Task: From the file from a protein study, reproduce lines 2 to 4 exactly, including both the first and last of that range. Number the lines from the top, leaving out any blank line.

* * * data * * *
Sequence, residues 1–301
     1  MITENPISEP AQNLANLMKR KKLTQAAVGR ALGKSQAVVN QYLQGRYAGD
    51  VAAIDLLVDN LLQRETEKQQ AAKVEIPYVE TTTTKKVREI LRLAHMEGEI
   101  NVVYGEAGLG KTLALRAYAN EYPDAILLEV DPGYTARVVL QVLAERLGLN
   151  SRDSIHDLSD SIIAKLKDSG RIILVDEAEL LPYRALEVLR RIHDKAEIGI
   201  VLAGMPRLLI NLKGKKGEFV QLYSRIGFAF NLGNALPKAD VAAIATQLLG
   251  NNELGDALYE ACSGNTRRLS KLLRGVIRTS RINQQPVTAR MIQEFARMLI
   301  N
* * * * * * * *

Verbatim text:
     1  MITENPISEP AQNLANLMKR KKLTQAAVGR ALGKSQAVVN QYLQGRYAGD
    51  VAAIDLLVDN LLQRETEKQQ AAKVEIPYVE TTTTKKVREI LRLAHMEGEI
   101  NVVYGEAGLG KTLALRAYAN EYPDAILLEV DPGYTARVVL QVLAERLGLN